That's Charles Boyer --
and he admits to  having
always been in love.
He'll also tell you how Garbo
influenced his marriage to
the "one girl," Pat Paterson

 
Picturegoer magazine, 1938

ARBO's latest lover on the screen is a man who himself confesses that he has always been in love.
"From my earliest recollections," Charles Boyer says, "I was in love with one small mademoiselle or another. Later boyhood years did not change me.
"In my native town, Figeac, in France, boys and girls didn't go to school together. So I guess girls from the beginning were a mystery to me, and in my childish fancy were created to be fallen in love with."
The Napoleon of the talking screen believes it helped him in later years as an actor.
"Their faces are all blurred now in my memory," he says, "but later ones I can remember.

"I was satisfied with my position in the French theatre," he declared, "when talking pictures came in. My first screen offer came from the UFA company, which wanted me for a part in La Barcarole D'Amour. I accepted, after some hesitation, because I felt that I should not neglect so important an opportunity. I did not regard motion pictures as a suitable medium for whatever talents I possessed, but I wanted to find out, for personal satisfaction."
Shortly after the UFA picture, Boyer was taken to Hollywood by Metro-Goldwyn-Mayer to star in French versions. He did not like Hollywood.
"I was to blame," he said. "For one thing, I was handicapped by my lack of English. Too, no Frenchman is entirely at ease away from home. I have never entirely rid myself of homesickness.

There was a very beautiful girl who came to teach philosophy in our school. I worshipped her with boyish adoration, which I'm perfectly certain she was never conscious of."
Later Boyer dedicated all his time to the theatre and swore he'd never marry. But eventually he went to Hollywood, and met beautiful Pat Paterson. Two weeks later they were engaged, three weeks later they were married.
Playing Napoleon in Marie Walewska was a red-letter event in Boyer's screen career. "Any Frenchman," he says, "would naturally regard it as a high honour and a high responsibility.
I tried to depict Napoleon the man,as he was. I hope I approached it with the proper reverence.

"I made French versions of The Trial of Mary Dugan and The Big House, and then the French versions were discontinued.
"Ruth Chatterton assured me that I would succeed, if I could but talk. I did not think so, but I learned a little English. It was not sufficient to assure me anything but minor roles. For the first time in my career, I felt I had failed, and I was miserable. I asked for my release, and got it."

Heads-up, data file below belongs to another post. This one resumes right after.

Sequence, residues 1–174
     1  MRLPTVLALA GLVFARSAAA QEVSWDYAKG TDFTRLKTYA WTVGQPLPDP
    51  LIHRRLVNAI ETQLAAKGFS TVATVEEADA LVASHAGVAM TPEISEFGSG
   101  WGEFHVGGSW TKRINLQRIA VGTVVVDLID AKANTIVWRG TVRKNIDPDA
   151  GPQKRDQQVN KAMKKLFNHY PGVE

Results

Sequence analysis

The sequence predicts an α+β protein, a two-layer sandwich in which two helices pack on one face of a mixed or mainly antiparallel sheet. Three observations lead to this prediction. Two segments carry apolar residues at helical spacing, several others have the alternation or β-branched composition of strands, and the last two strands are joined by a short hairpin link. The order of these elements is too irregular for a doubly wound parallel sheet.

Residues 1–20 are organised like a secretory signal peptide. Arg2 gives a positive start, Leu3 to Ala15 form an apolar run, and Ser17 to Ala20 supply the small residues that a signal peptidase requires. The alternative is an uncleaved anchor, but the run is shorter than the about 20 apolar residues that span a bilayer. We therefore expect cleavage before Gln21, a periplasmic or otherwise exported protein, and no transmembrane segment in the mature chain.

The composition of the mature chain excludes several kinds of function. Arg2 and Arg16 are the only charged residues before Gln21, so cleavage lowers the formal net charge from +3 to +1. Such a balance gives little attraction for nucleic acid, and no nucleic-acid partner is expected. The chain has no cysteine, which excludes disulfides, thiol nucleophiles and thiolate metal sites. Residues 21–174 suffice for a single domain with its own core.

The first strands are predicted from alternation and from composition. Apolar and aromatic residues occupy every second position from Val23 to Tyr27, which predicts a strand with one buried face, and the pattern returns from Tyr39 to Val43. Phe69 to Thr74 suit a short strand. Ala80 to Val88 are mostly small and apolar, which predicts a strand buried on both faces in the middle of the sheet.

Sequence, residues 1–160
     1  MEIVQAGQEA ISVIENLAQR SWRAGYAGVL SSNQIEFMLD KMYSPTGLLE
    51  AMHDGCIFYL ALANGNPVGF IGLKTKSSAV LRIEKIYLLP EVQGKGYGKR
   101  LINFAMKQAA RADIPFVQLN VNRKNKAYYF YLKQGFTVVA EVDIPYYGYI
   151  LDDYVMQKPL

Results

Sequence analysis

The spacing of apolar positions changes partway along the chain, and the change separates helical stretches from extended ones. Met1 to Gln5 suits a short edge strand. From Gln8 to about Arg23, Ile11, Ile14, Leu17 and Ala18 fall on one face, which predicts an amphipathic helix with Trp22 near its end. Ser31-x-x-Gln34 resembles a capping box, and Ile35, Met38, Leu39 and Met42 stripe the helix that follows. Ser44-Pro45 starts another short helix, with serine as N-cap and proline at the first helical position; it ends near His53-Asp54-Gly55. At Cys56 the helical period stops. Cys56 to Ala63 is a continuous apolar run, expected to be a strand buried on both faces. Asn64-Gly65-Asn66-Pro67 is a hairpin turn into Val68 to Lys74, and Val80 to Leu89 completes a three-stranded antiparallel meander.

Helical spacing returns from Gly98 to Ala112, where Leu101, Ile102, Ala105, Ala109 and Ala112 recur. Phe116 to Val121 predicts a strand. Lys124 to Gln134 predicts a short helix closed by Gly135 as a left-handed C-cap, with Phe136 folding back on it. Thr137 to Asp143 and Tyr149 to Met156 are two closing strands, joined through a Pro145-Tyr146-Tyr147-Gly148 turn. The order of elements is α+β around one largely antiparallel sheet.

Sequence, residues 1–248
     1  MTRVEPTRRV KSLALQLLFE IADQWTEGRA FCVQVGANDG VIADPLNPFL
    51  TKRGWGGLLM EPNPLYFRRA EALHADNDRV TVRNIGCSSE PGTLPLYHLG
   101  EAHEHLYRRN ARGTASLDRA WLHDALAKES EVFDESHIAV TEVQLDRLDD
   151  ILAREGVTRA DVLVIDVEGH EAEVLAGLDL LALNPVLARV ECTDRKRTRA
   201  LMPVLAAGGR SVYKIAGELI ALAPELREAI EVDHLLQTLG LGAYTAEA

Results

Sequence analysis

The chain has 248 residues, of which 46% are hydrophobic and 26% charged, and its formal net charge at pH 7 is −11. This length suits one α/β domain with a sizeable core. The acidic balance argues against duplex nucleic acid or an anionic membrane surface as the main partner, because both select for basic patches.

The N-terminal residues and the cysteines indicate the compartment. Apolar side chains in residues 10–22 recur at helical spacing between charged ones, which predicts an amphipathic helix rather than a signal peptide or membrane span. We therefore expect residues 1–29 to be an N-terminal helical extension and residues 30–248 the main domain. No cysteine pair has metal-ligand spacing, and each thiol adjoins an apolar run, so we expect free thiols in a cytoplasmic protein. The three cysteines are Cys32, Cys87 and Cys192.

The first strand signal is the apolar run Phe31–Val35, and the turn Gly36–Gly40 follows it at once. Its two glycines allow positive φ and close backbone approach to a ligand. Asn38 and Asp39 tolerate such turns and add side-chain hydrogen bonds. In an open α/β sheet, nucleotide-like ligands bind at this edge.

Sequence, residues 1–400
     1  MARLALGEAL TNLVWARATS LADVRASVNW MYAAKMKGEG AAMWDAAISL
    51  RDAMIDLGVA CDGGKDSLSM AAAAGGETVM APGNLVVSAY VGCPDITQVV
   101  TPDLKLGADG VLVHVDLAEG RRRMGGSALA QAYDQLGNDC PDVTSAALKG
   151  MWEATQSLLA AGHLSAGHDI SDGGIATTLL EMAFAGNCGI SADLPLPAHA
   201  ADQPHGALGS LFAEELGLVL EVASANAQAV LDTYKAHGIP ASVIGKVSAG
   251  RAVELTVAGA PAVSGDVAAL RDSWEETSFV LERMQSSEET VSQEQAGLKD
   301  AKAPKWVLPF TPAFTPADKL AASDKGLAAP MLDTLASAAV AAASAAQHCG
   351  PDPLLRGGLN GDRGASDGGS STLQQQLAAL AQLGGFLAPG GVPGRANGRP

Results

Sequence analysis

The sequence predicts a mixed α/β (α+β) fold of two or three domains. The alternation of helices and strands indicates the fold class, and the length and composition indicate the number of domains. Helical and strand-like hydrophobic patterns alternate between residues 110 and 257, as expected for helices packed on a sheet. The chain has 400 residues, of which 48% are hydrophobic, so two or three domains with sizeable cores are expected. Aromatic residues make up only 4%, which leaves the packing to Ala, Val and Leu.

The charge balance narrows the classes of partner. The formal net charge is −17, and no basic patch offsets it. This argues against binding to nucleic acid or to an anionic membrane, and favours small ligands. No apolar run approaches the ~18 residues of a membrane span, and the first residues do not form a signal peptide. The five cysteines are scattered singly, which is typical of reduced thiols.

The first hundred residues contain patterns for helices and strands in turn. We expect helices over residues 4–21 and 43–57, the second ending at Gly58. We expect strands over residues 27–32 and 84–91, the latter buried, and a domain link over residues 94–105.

Boyer says he does not know why he returned to Hollywood.
"On my return to Paris I studied English seriously, not that I had any intention of going back to America. I was content in Paris among my friends, with my stage work and one or two pictures.

"Miss Garbo," he adds, "was the ideal choice for the role of Countess Walewska. And in France, where they idolise her, I know that the picture will make screen history."
The picture, moreover, has had considerable influence on the French actor's career.
Charles Boyer and Hollywood have at last come to an understanding, and now regard one another with mutual respect and admiration.
It wasn't always so.
"For the first time since I came to Hollywood six years ago," Boyer says, "I am completely happy in my work on the screen. After so many unfortunate discouragements, it is a very pleasant feeling. Playing Napoleon has been largely responsible. I believe that in this role I have finally achieved a performance comparable to my best on the stage, and the future looks bright."
This was a different Boyer speaking from the one who twice requested to be released from Hollywood contracts, and once left for Paris with the avowed intention of never returning.
continue at top of next column

 

"When the offer came to play in Caravan, my first impulse was to refuse. At the same time, it was a challenge and failure had rankled. With conflicting emotions, I accepted."
Mention of Caravan still causes Boyer to explode.
"If I was unhappy the first time," he gestured, "I was doubly so after Caravan. I cringed at seeing myself wearing black curls and playing haunting melodies in the moonlight. I have never looked more ridiculous, or felt more uncomfortable in a part."
Caravan would have been the end of Hollywood for Boyer "had I not read the script for Private Worlds. After Caravan, I had again asked for my release, and for the second time received it. But in Private Worlds, I saw a chance to redeem myself, and I shall always consider it my first real picture."
Another event occurred soon after, which made Hollywood even brighter for Boyer -- he met Pat Paterson. "I owe the culmination of our romance to Greta Garbo," he smiled. "Pat and I were planning to see the premiere of Queen Christina at the Chinese Theatre. When we arrived every seat had been taken. As we stood in the lobby, I said, 'Let's get married.' We went to Yuma and within an hour we were married."                             Fin                     next article


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